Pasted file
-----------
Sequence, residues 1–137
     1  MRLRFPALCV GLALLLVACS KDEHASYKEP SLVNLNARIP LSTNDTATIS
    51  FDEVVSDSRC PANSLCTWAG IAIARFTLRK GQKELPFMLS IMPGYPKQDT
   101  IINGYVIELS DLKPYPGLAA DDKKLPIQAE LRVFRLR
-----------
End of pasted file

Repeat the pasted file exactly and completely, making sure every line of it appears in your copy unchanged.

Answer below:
Sequence, residues 1–137
     1  MRLRFPALCV GLALLLVACS KDEHASYKEP SLVNLNARIP LSTNDTATIS
    51  FDEVVSDSRC PANSLCTWAG IAIARFTLRK GQKELPFMLS IMPGYPKQDT
   101  IINGYVIELS DLKPYPGLAA DDKKLPIQAE LRVFRLR